It seems everyone's talking about gut health. UK Google searches for 'How to get good gut health' have soared by over 5000% in the past five years.
So, have you ever wondered how nutrition experts look after their guts? We asked Nutracheck Nutritionists Emma White and Amy Wood to share the five things they do every day for good digestive health – and they're surprisingly simple.
First, let's look at what we mean when we talk about gut health. Recent research suggests that the gut microbiome has a huge role to play in our overall well-being. Studies link gut health to our immune systems, brain function, and nutrient absorption.
The 'gut microbiome' refers to an ecosystem of microbes that exists within the digestive system. Each of us has a unique microbiome that is delicately balanced and can be influenced by a number of factors.
Here's what Nutritionists Emma and Amy recommend for good digestive health.
In comparison to 'white' or processed cereals, wholegrains retain all three parts of the grain: the bran (where most of the fibre is), the germ (where most of the nutrients are), and the endosperm (where much of the starch is). The inclusion of all of these parts makes wholegrains more nutrient-rich and higher in fibre than their processed counterparts.
In particular, wholegrains are a great source of insoluble fibre. This creates bulk and helps food to move through the gut, keeping the digestive system regular.
Emma enjoys a range of different wholegrain in her meals. “I try to use wholewheat pasta, brown rice, oats and rye – or if I'm feeling adventurous, I might experiment with more unusual varieties, such as spelt, buckwheat, quinoa, amaranth, and freekeh”.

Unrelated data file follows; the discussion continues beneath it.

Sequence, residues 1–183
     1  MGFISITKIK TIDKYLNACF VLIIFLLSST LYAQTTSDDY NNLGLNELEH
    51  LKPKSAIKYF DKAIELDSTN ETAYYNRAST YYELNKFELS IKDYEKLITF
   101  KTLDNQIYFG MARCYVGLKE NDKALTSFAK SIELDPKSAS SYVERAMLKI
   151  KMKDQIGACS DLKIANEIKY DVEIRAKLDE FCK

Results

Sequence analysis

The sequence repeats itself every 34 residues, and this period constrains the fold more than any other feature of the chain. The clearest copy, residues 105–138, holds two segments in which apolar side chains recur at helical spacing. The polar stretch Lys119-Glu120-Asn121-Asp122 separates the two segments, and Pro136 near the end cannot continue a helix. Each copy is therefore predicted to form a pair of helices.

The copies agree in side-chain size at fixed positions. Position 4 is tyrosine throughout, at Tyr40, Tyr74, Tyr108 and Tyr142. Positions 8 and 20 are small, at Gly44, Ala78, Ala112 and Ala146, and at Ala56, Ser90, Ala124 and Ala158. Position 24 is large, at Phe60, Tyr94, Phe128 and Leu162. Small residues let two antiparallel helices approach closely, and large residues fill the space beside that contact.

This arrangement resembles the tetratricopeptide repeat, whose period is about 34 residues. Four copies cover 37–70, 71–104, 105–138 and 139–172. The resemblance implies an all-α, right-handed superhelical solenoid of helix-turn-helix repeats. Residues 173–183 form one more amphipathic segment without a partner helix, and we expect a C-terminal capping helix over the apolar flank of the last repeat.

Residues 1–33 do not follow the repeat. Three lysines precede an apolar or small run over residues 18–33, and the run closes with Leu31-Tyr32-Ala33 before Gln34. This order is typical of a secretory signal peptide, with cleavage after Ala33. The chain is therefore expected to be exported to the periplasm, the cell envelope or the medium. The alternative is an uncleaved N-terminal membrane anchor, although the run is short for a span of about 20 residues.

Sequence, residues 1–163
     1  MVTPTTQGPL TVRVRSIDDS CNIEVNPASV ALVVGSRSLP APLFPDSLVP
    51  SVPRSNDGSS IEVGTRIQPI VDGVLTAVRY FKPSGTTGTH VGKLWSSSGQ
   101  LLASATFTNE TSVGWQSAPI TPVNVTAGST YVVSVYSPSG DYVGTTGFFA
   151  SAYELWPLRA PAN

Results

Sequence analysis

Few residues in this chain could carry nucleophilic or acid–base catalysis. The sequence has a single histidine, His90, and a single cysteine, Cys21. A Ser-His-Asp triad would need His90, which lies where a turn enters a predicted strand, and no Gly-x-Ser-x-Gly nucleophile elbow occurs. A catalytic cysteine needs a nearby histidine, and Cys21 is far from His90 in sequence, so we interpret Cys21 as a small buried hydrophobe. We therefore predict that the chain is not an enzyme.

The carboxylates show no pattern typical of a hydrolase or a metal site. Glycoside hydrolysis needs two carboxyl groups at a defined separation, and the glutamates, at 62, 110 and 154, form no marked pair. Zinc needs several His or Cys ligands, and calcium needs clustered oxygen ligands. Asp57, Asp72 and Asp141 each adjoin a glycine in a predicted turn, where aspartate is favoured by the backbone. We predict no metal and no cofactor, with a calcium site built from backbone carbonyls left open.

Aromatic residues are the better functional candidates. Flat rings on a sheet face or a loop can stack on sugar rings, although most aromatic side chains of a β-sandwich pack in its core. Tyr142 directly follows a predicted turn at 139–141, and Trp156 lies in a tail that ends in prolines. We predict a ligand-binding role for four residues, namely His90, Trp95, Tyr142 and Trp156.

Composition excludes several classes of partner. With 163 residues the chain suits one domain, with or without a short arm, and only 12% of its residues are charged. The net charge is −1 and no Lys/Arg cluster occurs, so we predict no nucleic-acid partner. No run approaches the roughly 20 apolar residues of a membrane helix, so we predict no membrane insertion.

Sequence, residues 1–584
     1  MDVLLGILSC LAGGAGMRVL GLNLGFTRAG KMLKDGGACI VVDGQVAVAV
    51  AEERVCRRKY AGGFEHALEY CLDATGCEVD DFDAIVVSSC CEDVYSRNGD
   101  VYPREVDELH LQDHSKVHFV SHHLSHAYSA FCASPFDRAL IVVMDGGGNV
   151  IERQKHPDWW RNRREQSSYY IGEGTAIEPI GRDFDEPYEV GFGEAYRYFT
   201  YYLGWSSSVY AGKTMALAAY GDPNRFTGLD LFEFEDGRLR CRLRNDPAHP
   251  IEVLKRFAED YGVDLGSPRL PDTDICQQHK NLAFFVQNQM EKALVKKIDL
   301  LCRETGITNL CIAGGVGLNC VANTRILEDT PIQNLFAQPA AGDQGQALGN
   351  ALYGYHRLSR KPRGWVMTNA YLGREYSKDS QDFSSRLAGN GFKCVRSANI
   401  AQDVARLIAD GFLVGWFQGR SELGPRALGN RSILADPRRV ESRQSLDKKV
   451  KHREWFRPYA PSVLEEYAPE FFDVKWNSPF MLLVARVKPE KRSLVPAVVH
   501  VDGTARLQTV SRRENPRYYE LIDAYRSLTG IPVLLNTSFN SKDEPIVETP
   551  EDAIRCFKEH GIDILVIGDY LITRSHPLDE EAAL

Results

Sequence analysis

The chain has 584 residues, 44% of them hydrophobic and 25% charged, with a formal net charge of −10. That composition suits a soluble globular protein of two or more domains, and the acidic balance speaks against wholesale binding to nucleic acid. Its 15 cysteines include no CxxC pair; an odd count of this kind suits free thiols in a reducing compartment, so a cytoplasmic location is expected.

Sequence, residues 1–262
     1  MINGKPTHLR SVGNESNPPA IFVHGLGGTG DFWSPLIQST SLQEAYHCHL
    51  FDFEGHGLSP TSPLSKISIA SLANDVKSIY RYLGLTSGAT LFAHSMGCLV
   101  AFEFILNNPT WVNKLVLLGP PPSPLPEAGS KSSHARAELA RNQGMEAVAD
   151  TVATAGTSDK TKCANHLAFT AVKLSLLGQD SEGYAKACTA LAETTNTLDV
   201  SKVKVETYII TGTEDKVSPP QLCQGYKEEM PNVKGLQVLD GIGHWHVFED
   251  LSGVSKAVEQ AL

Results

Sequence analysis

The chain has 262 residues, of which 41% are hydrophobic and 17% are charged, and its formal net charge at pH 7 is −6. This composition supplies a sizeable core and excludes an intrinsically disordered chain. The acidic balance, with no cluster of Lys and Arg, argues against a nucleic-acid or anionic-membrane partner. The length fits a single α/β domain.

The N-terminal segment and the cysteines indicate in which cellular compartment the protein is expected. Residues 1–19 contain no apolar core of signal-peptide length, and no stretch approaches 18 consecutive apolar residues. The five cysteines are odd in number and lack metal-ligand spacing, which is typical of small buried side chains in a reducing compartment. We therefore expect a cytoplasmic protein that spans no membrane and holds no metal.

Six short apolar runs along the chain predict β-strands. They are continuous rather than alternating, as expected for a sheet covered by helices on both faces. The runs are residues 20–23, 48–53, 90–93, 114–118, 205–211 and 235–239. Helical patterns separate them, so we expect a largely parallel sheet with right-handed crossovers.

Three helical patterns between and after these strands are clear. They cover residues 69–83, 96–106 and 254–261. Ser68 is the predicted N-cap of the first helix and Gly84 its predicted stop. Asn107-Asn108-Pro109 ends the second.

Probiotics are foods and supplements that contain cultures of live friendly bacteria. By eating more of the good variety, we can help re-establish a balance by helping to reduce potentially harmful bacteria.
Amy includes probiotic-rich foods in her daily diet. “Look for yogurts that list 'live and active cultures' on the label, or try including fermented foods such as kimchi, sauerkraut, miso, kefir, kombucha, and tempeh”.
We need both insoluble and soluble fibre in our diets for good gut health, and fruit and veggies are a great source of the soluble variety. This helps soften stools and ease constipation, as well as providing a vast array of nutrients that are important for good health.
Emma's top tip is to add fresh fruit to your morning porridge or cereal, pair a side salad with your lunchtime soup or sandwich, or snack on crudités throughout the day. “Get creative and aim to 'eat the rainbow' – the more variety, the better!”
Drinking plenty of fluids is very important for our digestive health as it helps to keep everything soft and moving regularly. Make sure you’re getting at least 8 glasses a day.
Amy says “People often tell me they don't like the taste of plain water and find it hard to drink the recommended number of glasses,” Amy says. “An easy tip is to add a flavour infusion such as slices of lemon, lime, mint or cucumber as a natural, low-calorie option. Alternatively, a splash of sugar-free squash can liven up your liquids, too.”
Drinking too much alcohol has been linked to numerous health issues, and gut health is no exception. Studies suggest that alcohol can cause inflammation in the gut when consumed in large amounts.
Finally, when it comes to gut health, variety is key. Researchers found that people who ate more than 30 different plant foods each week had a more diverse gut microbiome when compared with those who ate 10 or fewer. So if you're just starting to think about gut health, eating a broad diet with plenty of fruit and vegetables, as well as incorporating Emma and Amy’s top tips, is a great place to begin.